It’s no more or less true than other idealized versions of the past. There was little regulation, but it was also the time when miners were being killed by strikebreakers for daring to ask to be paid cash instead of script, a time when the J.P. Morgans and John D. Rockafellers of the world had no legal limitations whatsoever and so could establish monopolies, a time when factories were deliberately kept unsafe for employees in the name of costcutting, a time when the mountabanks might just be selling snake oil or poison as medicine, a time when a bank failure would wipe out every dime a family had because Wall Street never quite got around to setting up something like the FDIC, a time when 1700 people could die in a shipwreck because the shipping line just didn’t want to put in the necessary number of lifeboats. It was a great time to be an entrepreneur, provided you were at the top, but it wasn’t guite as good for everyone else.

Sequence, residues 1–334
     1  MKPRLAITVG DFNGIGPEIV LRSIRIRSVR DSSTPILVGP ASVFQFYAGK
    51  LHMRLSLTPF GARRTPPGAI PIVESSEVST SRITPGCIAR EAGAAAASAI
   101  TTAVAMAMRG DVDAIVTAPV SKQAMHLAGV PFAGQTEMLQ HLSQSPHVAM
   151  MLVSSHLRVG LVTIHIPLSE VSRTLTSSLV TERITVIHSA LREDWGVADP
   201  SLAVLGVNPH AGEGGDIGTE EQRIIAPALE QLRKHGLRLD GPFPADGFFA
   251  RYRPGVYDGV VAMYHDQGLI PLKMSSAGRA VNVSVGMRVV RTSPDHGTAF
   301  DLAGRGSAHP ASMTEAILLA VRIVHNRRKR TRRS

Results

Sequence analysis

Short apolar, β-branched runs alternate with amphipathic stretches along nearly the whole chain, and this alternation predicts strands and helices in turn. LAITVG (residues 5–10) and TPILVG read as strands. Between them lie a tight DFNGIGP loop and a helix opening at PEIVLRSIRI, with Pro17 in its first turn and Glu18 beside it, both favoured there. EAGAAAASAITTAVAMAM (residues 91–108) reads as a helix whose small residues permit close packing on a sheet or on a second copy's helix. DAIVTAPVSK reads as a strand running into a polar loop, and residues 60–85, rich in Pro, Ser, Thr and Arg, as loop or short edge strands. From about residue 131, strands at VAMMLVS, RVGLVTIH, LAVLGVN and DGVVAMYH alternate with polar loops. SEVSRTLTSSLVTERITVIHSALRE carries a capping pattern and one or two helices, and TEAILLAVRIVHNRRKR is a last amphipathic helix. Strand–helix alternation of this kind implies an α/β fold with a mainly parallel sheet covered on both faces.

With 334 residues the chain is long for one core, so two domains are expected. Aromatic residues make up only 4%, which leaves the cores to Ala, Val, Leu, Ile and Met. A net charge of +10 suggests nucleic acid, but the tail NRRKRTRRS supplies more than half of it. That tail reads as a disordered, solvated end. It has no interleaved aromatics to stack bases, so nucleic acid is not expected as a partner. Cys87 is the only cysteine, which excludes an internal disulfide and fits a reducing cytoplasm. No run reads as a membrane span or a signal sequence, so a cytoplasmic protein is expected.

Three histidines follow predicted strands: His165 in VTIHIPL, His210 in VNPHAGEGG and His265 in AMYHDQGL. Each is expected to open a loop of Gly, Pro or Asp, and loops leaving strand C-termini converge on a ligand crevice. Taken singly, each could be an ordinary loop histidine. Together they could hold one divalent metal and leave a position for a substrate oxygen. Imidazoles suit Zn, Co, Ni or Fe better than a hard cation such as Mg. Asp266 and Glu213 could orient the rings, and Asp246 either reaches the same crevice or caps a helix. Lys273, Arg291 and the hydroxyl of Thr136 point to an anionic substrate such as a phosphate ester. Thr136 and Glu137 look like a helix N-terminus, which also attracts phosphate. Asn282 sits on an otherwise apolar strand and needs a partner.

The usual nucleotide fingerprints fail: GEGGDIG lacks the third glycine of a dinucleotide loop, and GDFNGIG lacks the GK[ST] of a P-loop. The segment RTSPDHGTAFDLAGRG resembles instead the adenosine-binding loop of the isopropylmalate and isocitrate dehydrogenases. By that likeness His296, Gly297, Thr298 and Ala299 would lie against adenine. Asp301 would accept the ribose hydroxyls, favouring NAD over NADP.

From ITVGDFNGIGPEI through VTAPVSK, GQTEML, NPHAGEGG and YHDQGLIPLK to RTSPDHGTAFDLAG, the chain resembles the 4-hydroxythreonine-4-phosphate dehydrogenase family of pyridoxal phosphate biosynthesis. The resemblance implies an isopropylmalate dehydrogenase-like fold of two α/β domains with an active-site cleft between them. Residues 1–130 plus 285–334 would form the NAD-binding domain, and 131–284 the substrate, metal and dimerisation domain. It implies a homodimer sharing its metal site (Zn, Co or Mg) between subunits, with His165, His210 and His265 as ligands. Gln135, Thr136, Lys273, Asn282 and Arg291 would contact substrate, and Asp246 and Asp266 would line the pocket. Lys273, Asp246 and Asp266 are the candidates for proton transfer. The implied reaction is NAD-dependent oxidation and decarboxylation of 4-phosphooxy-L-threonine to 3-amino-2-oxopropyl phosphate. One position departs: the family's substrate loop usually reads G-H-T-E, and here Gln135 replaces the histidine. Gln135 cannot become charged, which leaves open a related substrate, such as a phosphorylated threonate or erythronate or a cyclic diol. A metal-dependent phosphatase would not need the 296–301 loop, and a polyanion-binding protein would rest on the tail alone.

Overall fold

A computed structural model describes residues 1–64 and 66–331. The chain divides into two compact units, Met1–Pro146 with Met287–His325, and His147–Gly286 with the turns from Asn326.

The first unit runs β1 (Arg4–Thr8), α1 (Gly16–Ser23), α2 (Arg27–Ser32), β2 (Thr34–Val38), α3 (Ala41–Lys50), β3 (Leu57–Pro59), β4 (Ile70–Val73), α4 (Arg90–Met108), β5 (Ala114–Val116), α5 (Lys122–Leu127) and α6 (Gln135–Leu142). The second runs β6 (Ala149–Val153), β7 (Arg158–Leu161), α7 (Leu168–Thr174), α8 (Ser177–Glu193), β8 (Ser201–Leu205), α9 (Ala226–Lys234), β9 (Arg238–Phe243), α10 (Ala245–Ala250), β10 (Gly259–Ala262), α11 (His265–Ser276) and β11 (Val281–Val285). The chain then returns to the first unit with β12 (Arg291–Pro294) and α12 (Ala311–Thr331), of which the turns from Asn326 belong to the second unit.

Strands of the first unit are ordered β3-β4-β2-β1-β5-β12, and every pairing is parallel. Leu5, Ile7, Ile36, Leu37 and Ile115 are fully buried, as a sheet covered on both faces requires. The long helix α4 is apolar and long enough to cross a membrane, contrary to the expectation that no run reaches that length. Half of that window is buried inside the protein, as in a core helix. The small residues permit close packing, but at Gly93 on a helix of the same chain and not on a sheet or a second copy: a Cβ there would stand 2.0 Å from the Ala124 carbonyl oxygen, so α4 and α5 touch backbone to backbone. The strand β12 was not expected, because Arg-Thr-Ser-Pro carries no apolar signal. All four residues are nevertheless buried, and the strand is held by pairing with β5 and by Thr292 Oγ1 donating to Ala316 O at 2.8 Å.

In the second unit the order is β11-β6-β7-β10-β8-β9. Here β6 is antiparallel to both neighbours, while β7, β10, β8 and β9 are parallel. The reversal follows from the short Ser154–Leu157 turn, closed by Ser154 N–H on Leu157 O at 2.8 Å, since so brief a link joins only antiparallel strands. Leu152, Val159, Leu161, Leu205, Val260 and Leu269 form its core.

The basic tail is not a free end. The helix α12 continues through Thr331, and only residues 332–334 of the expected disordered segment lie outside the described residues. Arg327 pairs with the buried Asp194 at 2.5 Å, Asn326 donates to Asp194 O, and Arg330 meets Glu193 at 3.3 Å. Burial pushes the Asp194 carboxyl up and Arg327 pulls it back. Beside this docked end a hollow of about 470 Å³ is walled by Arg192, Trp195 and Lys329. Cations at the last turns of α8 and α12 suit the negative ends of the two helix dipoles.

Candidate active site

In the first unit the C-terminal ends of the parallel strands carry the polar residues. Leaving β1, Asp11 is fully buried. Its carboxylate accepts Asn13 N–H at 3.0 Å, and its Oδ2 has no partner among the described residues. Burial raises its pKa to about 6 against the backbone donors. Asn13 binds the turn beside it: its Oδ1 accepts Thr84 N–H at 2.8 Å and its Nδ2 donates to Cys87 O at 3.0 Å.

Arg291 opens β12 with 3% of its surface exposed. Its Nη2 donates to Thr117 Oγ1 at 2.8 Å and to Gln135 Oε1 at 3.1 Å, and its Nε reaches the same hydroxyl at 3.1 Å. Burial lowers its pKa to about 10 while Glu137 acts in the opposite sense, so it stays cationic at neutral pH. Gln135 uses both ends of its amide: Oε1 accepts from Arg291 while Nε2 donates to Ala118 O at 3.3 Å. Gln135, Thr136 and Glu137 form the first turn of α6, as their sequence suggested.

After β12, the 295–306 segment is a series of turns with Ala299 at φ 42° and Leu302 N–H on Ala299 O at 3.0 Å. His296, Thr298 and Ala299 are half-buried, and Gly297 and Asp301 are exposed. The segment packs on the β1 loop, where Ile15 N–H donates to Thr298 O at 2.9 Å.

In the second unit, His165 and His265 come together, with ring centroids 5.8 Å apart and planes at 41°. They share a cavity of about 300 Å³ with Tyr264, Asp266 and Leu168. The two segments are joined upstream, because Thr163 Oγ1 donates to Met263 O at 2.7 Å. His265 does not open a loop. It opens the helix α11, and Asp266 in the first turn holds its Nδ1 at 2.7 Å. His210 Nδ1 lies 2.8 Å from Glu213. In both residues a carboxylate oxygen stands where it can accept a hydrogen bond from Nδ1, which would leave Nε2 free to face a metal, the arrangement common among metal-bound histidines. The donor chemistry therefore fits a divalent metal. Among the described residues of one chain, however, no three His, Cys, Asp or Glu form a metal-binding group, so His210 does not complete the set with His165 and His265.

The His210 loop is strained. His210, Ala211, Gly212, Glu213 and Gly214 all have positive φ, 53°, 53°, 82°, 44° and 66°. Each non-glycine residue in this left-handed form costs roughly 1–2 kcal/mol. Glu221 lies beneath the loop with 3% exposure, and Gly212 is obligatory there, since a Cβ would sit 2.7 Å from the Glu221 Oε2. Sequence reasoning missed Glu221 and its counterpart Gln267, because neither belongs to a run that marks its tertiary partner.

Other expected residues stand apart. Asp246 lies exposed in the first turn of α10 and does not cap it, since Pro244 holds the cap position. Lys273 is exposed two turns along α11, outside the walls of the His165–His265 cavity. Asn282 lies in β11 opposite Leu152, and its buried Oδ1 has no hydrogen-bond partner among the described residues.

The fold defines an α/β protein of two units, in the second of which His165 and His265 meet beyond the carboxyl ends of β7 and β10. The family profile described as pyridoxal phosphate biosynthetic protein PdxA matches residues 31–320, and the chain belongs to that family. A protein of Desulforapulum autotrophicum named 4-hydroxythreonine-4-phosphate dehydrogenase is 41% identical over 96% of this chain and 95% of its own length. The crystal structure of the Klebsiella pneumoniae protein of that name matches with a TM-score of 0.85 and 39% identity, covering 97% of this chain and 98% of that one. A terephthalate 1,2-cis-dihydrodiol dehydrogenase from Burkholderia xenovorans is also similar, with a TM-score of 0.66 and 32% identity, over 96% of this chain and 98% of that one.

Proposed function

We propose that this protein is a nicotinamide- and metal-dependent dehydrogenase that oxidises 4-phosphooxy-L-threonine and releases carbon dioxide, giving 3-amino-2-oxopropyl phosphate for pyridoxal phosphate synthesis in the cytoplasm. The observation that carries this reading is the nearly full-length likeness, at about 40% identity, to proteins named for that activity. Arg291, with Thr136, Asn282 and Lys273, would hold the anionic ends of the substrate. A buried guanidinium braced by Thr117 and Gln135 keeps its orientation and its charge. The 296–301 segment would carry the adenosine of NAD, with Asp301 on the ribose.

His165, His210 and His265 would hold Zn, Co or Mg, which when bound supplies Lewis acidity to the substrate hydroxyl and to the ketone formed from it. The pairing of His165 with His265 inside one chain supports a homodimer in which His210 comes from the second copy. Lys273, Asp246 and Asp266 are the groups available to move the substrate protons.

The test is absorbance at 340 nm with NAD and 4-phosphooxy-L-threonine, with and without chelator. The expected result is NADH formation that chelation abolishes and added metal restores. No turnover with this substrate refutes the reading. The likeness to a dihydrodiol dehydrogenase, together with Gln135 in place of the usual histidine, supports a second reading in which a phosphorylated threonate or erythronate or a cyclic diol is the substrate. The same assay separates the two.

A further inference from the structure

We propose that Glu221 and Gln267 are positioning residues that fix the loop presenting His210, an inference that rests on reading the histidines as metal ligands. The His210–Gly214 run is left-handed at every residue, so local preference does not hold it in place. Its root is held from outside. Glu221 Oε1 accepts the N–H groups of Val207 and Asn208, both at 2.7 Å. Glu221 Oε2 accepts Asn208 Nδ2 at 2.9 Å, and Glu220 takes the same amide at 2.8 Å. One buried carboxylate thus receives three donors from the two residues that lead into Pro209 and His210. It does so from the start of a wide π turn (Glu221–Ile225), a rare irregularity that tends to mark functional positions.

It’s easy to cherry pick history to provide evidence for whatever viewpoint one already has. The leftist is going to point to the harsh living conditions while the robber barons lived the highlife while ignoring the vast technological changes entrepreneurs were making and the economic opportunities that arose from them. The libertarian will point out how great it was to be free of regulation while ignoring all the abuses and problems a lack of government enforcement allows. It’s the flip side of the same ideological coin. They’re both right and they’re both wrong.

  • Rich Rostrom

    Steven R: It’s easy to cherry pick history to provide evidence for whatever viewpoint one already has.